Traveling with your kid can be amazingly rewarding and fun. You get to spend all of your time with your child and be solely responsible for teaching him all the wonderful things about the world. First hand. In real time.

He gets to see the Colosseum and the Great Wall of China; instead of just reading about it in the history books. He gets to eat sushi in Japan and green curry in Thailand. He gets to see actual African elephants IN Africa!


Chobe, Botswana | Spring Break 2015

However, traveling with your child as a single parent brings forth its own set of challenges. You spend all of your time with your child and are solely responsible for teaching him all the wonderful things about the world. Just you.

There’s no time out or someone else to tag in when you don’t feel like exploring. Or someone there to occupy the kid so you can get in a good, uninterrupted bath after a long day of walking the city. And it gets even more frustrating when your child, who is usually open to new things and experiences, is super picky when you want to try Korean BBQ and they want pizza. And tries to pull a tantrum. And you argue and fight and eventually pull mommy rank because there is no freakin way you are eating pizza in freakin Korea and you don’t feel like rationalizing with the small crazy person.

It’s not all fun. It’s not all silly faces and jumping off benches for a great photo. Being in a hotel room with a kid who you pay extra money every month for him have his own space at home on a regular basis can be demanding, to say the least.

But there is a way you can survive that spring break trip with your tantruming toddler or social media addicted tween. There is hope, my friends.


Bangkok, Thailand | Christmas 2015

Plan and schedule everything. Seriously.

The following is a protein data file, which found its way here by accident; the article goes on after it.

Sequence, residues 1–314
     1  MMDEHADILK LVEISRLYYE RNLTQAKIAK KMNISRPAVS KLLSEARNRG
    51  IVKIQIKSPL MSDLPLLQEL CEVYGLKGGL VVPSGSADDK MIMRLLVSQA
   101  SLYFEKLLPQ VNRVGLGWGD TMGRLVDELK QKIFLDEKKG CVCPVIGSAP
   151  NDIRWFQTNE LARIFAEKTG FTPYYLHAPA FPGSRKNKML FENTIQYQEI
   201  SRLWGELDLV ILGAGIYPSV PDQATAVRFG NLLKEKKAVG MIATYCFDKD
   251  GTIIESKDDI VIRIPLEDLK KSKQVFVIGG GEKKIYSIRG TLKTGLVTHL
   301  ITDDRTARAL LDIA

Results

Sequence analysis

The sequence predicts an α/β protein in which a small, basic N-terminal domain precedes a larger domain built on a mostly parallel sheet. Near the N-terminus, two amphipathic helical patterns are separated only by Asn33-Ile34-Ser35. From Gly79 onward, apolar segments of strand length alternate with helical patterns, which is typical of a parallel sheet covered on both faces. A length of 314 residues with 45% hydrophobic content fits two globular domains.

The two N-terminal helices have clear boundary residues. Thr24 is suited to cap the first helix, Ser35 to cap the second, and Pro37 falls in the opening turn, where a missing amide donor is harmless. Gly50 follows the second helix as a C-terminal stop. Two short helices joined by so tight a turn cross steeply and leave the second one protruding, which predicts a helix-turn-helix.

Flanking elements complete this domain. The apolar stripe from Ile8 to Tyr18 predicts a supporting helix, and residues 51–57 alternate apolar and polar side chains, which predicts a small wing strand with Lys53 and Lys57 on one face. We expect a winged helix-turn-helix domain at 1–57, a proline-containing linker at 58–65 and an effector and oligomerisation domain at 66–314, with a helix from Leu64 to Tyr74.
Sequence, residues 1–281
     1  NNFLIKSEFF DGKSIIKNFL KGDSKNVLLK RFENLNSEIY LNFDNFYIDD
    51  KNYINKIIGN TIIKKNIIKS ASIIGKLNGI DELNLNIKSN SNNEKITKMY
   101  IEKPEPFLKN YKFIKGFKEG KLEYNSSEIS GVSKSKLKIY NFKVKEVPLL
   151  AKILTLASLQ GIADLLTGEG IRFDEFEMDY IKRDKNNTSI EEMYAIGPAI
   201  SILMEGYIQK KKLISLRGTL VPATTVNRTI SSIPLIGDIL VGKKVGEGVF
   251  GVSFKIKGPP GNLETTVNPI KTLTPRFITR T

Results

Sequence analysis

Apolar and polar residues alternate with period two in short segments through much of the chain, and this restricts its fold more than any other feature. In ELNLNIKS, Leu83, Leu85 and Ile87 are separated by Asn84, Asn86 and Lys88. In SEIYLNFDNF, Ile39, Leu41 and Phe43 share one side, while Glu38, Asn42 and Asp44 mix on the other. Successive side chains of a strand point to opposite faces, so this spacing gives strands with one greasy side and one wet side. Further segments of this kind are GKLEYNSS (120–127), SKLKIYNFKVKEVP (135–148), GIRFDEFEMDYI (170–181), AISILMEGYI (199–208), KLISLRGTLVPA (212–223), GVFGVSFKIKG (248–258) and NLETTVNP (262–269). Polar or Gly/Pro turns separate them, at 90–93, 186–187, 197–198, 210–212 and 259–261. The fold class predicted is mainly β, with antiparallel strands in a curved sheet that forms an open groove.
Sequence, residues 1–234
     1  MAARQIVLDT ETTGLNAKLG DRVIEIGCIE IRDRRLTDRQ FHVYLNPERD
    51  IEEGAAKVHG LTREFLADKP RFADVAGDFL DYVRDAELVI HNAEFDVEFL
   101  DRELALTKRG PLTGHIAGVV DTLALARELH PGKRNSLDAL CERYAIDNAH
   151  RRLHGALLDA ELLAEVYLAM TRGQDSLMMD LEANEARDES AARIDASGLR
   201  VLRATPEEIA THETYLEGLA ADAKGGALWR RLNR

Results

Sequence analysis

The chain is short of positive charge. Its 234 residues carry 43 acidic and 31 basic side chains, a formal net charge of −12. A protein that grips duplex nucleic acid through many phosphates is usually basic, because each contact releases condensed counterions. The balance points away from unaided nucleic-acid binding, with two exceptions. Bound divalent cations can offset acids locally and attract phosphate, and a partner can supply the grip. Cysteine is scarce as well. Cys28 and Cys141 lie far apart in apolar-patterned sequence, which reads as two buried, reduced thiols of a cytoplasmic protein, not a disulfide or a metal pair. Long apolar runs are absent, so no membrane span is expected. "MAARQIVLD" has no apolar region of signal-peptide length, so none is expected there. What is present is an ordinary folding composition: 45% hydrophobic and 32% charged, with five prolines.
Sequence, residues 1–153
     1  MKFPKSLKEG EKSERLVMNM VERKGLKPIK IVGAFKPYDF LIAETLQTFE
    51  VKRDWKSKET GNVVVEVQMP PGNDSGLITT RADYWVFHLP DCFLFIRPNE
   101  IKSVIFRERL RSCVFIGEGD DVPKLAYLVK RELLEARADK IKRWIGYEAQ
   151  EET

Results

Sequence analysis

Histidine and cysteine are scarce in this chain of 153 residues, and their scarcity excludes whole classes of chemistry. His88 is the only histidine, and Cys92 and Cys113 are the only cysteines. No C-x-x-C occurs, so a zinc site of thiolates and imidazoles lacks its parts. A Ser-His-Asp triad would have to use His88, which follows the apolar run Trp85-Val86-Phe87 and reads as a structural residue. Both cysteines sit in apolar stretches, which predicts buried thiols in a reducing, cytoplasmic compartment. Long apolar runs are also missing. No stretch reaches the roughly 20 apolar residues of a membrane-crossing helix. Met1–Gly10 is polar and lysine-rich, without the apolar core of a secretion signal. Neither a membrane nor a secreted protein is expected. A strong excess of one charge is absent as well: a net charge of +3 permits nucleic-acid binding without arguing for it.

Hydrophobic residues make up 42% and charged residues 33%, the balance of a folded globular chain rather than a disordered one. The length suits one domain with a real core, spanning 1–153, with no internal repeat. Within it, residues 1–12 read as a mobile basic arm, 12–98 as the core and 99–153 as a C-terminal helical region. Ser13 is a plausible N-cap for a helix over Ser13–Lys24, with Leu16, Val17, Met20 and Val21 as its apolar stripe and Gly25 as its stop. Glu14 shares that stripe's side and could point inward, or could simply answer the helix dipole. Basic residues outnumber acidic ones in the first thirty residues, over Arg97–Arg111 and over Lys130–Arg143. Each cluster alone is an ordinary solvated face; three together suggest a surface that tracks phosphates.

When I travel alone, I usually just wing it and go where the wind takes me. With kids, you can’t really afford to do that. They will almost always elect to stay where the electronics and wifi are. Scratch that. Always. They will always want to be somewhere with wifi.

As much fun as this kid has on safaris and running around a foreign city, he gripes most of the time because I won’t allow him to take his iPad or that when he does have it, there is no wifi. So, to try to avoid the inevitable argument, I plan an itinerary for every day we are on that trip. Because I know it will happen, I make allowances for weather and just plain old laziness. And to help the boy not seem like I’m forcing him to do everything, I include him in the planning as well. I ask him to research three places he would most like to visit and we try to fit that in the schedule. Most of the time we end up at aquariums and arcades tho, but at least he feels like he has some control over the holiday.

You have to take these extreme measures and pretend you’re a travel agent scheduling every minute of the day for a group of senior citizens. Otherwise you will be sitting in the hotel room binge watching Netflix because you were tired of wandering the city for a day and didn’t see anything they recommended on Trip Advisor and have basically gotten lazy and tired because the effort just isn’t worth fighting the blazing sun.

Seriously. You have to figure out how to plan and have a schedule, otherwise you will get overwhelmed with trying to figure it out when you get there. Which isn’t really fun, let me tell you. That happened to me in Korea. Let my lack of preparedness be a cautionary tale for you.

Also, you owe it to your self to not be insanely stressed out during your trip. Your child will probably not thank you, but your sanity will. If, of course, sanity could actually thank you.


Ayuthaya, Thailand | December 2015

Be flexible.

Here’s one thing I have learned, Murphy’s law is in full effect whenever you travel. So you have to learn to adjust when things don’t go as planned. It may snow in Korea and freeze you to the bone and have you end up in your hotel room all weekend watching Netflix. A monsoon may decide to come through your island vacation and maroon you to an island with only a volleyball as your friend. You gotta just learn to roll with it and dance in the proverbial rain.